That the Obama administration did not agree at the G-20 summit to push the same NAFTA-style Korea free trade agreement (FTA) that former President George W. Bush signed in 2007 is understandable. It's projected to increase the U.S. trade deficit, is wildly unpopular in both countries, and replicates the most threatening NAFTA provisions that promote offshoring and financial deregulation. And, its chapter on labor rights bans references to the International Labor Organization (ILO) Conventions that establish, well, the internationally recognized labor rights.
The real question is why the Obama administration would have been willing to sign off on the Bush agreement in Seoul if only the Koreans had agreed to some more market access for U.S. cars and cows. And why they might go for a deal based on those narrow fixes when talks resume tomorrow near Washington. ...especially since a large bloc of senior Democratic legislators, unions and other Democratic base groups made clear months ago that a short list of critical deNAFTAization fixes were necessary to avoid a nasty battle in Congress.
Recent polling has shown that perhaps the one issue that unites Americans across diverse demographics is opposition to more-of-the-same trade policy. The elections confirmed this, with an unprecedented number of candidates from both parties campaigning on fair trade themes.
In its current form, the Korea deal is definitely more-of-the-same.
But you wouldn't know it from the media coverage. You'd think that all anyone cares about are market access issues related to automobiles and beef - and that refusing to move another Bush NAFTA-style FTA somehow undermines Obama's efforts to double exports in five years. That, despite a recent study showing that, in fact, U.S. exports to countries with which we have NAFTA-style trade deals have grown at half the pace of exports to other countries.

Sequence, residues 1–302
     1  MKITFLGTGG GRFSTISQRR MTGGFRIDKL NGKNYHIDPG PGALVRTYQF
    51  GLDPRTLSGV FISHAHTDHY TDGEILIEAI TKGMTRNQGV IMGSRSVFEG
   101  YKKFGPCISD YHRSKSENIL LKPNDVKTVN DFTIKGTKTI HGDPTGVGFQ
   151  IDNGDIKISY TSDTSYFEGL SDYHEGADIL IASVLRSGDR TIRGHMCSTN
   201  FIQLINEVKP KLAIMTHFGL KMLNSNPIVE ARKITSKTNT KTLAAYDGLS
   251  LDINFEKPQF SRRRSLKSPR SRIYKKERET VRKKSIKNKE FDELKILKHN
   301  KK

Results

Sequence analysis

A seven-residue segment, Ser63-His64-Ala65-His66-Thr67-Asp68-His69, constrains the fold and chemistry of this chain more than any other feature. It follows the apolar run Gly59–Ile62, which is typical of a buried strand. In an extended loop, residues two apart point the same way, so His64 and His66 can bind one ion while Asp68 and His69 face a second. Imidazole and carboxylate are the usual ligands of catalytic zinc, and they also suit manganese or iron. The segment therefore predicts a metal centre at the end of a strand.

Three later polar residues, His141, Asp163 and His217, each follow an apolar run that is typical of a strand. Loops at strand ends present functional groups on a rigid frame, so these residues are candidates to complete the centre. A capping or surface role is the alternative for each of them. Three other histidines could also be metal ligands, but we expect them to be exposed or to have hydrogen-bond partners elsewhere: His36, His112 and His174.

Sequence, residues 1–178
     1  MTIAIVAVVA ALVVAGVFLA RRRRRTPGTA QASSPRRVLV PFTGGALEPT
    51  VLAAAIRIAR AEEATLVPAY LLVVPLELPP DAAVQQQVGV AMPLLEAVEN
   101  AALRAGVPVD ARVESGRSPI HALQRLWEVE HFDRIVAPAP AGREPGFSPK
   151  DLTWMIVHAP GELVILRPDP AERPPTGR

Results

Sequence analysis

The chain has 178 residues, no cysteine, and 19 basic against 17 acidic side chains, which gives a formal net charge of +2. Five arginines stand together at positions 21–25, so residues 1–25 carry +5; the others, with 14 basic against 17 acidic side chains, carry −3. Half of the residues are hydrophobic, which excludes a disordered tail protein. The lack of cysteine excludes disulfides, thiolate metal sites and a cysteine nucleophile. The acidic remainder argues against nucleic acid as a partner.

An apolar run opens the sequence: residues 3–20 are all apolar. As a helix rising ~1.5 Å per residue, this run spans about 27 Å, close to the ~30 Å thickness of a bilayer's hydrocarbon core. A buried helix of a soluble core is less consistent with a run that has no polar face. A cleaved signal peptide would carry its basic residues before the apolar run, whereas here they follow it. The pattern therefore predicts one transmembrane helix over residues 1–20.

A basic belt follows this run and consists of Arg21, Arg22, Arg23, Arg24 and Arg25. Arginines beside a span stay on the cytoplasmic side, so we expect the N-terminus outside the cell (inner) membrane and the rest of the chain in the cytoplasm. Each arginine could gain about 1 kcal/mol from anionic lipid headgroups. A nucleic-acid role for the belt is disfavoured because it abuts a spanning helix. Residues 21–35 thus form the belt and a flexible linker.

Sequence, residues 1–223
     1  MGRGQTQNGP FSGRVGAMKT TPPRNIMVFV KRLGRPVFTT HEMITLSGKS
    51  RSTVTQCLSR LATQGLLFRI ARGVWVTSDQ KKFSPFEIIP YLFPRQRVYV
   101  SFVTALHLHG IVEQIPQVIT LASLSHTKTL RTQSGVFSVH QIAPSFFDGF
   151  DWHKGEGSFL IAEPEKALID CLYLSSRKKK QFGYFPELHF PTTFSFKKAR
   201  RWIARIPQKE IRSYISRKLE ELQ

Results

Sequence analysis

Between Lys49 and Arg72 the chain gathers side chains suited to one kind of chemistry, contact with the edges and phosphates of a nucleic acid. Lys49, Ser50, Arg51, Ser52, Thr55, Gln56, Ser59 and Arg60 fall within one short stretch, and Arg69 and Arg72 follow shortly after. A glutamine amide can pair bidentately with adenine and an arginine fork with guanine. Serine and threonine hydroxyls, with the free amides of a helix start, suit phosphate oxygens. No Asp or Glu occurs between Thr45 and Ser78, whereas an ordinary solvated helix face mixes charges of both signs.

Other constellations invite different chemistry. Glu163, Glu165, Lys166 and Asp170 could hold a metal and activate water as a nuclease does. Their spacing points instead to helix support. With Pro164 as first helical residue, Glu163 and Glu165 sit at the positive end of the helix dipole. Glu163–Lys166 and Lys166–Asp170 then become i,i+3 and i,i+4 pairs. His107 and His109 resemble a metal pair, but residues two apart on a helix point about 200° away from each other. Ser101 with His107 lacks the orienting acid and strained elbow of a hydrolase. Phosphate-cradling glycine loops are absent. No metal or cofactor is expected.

I hope they fix the lopsided auto market access provisions and, while they're at it, the textile terms, which are also unfairly uneven. But dealing with cars and cows is far from sufficient to make the deal acceptable policywise, much less to avoid the foreseeable political disaster if Obama makes Bush's NAFTA-style trade deal his own.
The administration must remove the offshoring-promoting foreign investor protections that provide special privileges to firms that relocate and the new rights for Korean firms to use UN and World Bank tribunals to attack domestic regulatory policies and demand U.S. taxpayer compensation for regulatory costs. A major exception must be added to safeguard recent U.S. and Korean financial reforms from the Bush text's deregulation requirements. The footnote banning reference to the ILO conventions has to be removed as well.
In short, Obama should follow through on his campaign promises. He explicitly identified the Korea FTA's labor provisions and the "investor-state" enforcement mechanism as problems that needed addressing.
Getting rid of the investor-state private corporate enforcement of the deal's new foreign investor rights is especially critical. Korea is a major capital exporter with about 270 establishments currently in the U.S. that would be newly empowered to raid the Treasury and attack domestic policies using foreign tribunals. These provisions elevate corporations to the same status of sovereign governments by providing them with the right to privately enforce a public treaty. So far, over $326 million in compensation has been paid out by governments to corporations under NAFTA's similar terms. The cases include attacks on natural resource policies, environmental protection, and health and safety measures.
Korea has just as much of an interest in fixing these provisions as we do, and there are indications that Korean officials would be amenable to doing so. Certainly, the Korean public is as upset over them as we are. Anyone who saw the tens of thousands of Korean protestors on the streets during the G-20 FTA talks this month is aware that inking Bush's NAFTA-style deal does not improve U.S. standing or relations in Korea.
That a bad Korea FTA deal was not completed in Seoul means the Obama administration has time to make the handful of other essential changes to Bush's agreement and avoid a politically disastrous flip-flop on his campaign promises for trade reform. The question is: Will President Obama seize this opportunity to tackle our jobs crisis by starting to reform our failed trade policy like he promised as a candidate? His promised trade reform is a sure winner policywise and politically.